In 2015, Anson was sued for making another kind of bearish wager. The company was the target of a “short attack” by Nobilis Health Corp., which was based on rumours. Executive Chairman Chris Lloyd of Nobilis said in court that he had met with Anson representatives who were interested in investing. A portfolio manager at Anson named Sunny Puri was behind the pseudonymous blog article that slammed Nobilis a few months later in Toronto hedge firm.

In recent years, it has gotten riskier to publish pessimistic studies because Toronto hedge firm are increasingly bringing detractors to court. As a result, several hedge funds have begun secretive ties with outside academics, sometimes paying for their expertise in exchange for commissioned papers or other forms of insider information. Short sellers’ detractors may see these connections and assume they are part of a larger plot to artificially depress stock prices, leading to calls for investigations.

The Department of Justice is currently investigating those connections.

Those familiar with the situation say that Anson has conducted secret collaborations with a number of researchers whose communications have been sought by U.S. investigators. Both Andrew Left of Citron and Ben Axler of Spruce Point, to name two, opted not to provide an interview for this article. As far as the investigation is concerned, neither has done anything wrong.

Anson’s romance with a freelance researcher ended up in court.

Defamation charges were filed against Robert Doxtator, a former ally of Anson’s after the former claimed responsibility for a spate of online articles that criticised the hedge fund’s trading techniques for return. This was a few years ago.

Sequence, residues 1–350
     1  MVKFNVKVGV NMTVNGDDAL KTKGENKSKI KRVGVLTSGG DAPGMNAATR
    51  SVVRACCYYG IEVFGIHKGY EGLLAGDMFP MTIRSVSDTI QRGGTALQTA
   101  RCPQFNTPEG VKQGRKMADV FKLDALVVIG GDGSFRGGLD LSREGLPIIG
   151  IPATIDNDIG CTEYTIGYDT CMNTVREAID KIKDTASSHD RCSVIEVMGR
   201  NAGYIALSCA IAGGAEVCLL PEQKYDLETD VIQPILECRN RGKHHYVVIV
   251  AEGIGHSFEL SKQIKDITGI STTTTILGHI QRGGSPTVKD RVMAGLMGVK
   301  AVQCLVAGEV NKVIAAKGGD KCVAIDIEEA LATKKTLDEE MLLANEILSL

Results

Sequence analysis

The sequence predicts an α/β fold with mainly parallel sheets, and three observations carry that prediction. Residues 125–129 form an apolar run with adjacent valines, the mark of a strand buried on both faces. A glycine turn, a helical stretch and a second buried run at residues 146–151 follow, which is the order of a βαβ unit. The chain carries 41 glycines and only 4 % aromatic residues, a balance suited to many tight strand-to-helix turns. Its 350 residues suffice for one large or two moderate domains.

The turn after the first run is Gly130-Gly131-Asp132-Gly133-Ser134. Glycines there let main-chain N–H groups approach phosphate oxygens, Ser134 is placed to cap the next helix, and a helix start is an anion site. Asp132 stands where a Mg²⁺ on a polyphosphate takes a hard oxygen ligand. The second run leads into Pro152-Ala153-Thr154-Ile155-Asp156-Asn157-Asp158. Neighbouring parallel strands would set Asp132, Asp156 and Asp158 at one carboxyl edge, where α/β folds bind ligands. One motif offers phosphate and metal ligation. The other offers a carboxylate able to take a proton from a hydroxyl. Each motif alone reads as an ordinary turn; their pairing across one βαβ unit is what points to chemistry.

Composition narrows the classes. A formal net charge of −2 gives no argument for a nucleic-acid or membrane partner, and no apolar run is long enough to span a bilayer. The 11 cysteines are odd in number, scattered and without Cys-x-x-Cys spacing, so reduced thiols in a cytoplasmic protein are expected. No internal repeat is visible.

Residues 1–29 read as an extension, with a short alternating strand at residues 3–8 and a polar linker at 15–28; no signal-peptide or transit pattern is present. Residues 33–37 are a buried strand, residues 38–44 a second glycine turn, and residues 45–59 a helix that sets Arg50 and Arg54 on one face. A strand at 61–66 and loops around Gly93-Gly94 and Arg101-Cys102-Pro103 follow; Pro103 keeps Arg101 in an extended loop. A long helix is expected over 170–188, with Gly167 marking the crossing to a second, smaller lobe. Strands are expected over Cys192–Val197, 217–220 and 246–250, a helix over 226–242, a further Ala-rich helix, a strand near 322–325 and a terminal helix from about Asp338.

Court records don’t provide any evidence that Anson collaborated with Markopolos. Not even when asked for his thoughts did he reply?

According to the documents, Doxtator claimed that he made millions of dollars off of the trades and that Kassam had agreed to pay him 15% of any profits. Kassam testified in court that he and Doxtator placed over $112,000 in bets while communicating via WhatsApp. In this case, the researcher’s cut of 15% would be $18,000.

This litigation has yet to be resolved. According to those familiar with the situation, the Justice Department has been inquiring into short sellers’ bets against GE and hundreds of other stocks.

Terrific BET
Although Kassam describes this trade as Anson’s “most profitable long bet,” it has not been without its share of criticism.

The corporation started placing bets on Genius Brands, which produces shows for kids on television, in 2017. Kassam, in an interview with ValueWalk published earlier this month, said he backed the company’s content because he thought the cartoons were good.

According to a lawsuit filed by another shareholder in Genius Brands, Anson increased the shareholding in early 2020. While other investors acquired stock with a lockup term of 1 1/2 years, Anson was allegedly part of a group of noteholders who made an agreement to pay 21 per cent a share with a guarantee not to sell for a few months. A few weeks later, the stock price skyrocketed, temporarily exceeding US$11, as speculation grew that either Walt Disney Co. or Netflix Inc. may buy the company. No one ever did.

According to the lawsuit filed by shareholders, Anson and the other defendants profited over $100 million from the stock’s meteoric rise. Anson has filed a motion to have this case thrown out.

But, not all stockholders have been so fortunate. However, Genius eventually gave up most of its gains and is once again trading at approximately $1 USD.

The related Anson funds increased by 45.1% in 2021 due to the meme stock craze.